“I don’t want to miss your opening”, Police Lt Alan Bruce (Patrick O’Neal) tells cute Karen Lee (Mary Murphy) before her debut in a new stage production… and that’s a bit forward of him, if you ask me. And exactly what kind of a show is this, anyway? Actually it’s a magic show in which she’s the glamorous assistant to Gallico The Great (Don Gallico to his Mum), as played by Vincent Price. The show will climax with “The Lady And The Buzzsaw”, a variation on the old “sawing a woman in half” routine that GTG confidently expects to be his launchpad to a glittering Broadway run. Never mind the buzzsaw, Ross Ormond (Donald Randolph), Gallico’s killjoy boss in his day job at Illusions, Inc arrives with an injunction to stop this magical milestone being performed. Turns out that he’s got contractual dibs on anything his employees create and he’s saving the buzzsaw extravaganza for The Great Rinaldi (John Emery), a rival magician who’s been taking the plaudits for Don’s creations for years.
The next time Gallico encounters his boss, the latter adds insult to injury by reminding him how he stole his wife. Mad? This magician’s bloody furious and responds by turning a radical revamp of that buzzsaw gag on his tormentor, then stashing the severed head in a Gladstone bag. He disposes of Ormond’s body on a bonfire but when an unfortunate bag mix up leads to that severed noggin being delivered to the cops he masks up, assumes his victim’s identity and goes on the lam. He rents a room but as luck (and Crane Wilbur’s delightfully barmy screenplay) would have it, his busy body landlady, Alice Prentiss (Lenita Lane) is a crime novelist whose most recent best seller, Murder Is A Must, turns on the notion that once somebody’s carried out their first murder, they’ll be obliged to commit more and more of them to cover their tracks. Sticking her nose in where it’s not wanted, she engineers a reunion between “Ormond” (and Gallico)’s duplicitous former wife Claire (Eva Gabor), setting off a chain of events which neatly confirms the thesis of her novel, as Don is obliged to bump off more people, don more masks and adopt more identities, with exponentially compounding complications. Think “The Talented Mr Ripley’s Believe It Or Not!” meets Man Of A Thousand Faces.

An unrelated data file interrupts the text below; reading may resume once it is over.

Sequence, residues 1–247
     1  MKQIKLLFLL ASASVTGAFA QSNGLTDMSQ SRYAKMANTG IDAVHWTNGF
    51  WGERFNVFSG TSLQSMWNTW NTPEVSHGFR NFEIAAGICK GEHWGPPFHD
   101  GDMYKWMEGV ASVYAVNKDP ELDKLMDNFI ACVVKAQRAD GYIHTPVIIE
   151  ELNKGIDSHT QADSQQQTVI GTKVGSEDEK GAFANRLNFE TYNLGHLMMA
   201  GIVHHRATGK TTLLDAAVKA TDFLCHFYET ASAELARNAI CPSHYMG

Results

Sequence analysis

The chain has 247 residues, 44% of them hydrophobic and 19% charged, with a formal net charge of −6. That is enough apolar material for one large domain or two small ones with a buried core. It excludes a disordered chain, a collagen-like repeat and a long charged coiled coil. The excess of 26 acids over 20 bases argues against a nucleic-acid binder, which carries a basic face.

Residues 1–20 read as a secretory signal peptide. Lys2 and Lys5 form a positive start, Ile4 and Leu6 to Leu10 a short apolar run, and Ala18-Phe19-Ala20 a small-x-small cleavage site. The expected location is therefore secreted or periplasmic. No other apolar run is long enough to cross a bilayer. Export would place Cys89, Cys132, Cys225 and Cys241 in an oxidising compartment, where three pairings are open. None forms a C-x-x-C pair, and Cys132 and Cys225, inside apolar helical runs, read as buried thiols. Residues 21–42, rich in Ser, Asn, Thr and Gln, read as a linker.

If Vincent Price’s career move from suave smoothy to Horror Icon (with those Corman collaborations, Phibes, Witchfinder General, et al to come) began in André De Toth’s House Of Wax (1953) it was sealed by this one, directed by John Brahm the following year … in fact Columbia were so keen to jump on Warner’s 3D bandwagon that they started shooting The Mad Magician before De Toth’s film was released. The stereoscopic gimmick isn’t even particularly well deployed. Instead of showcasing the shock / action / murder set pieces, it’s mostly frittered away on throwaway shots of playing cards, squirts of water and yo-yos being thrust in your face. Price, in stark contrast with all of these shenanigans, plays it admirably straight, though one might well speculate that he picked up his renowned subsequent hamming habit from John Emery’s ripe overperformance here as The Great Rinaldi.
This is great goofball fun, for maximum enjoyment of which I would recommend that you screen The Mad Magician in a double bill with Herschell Gordon Lewis’s completely crazed The Wizard Of Gore (1970)… you won’t believe your eyes!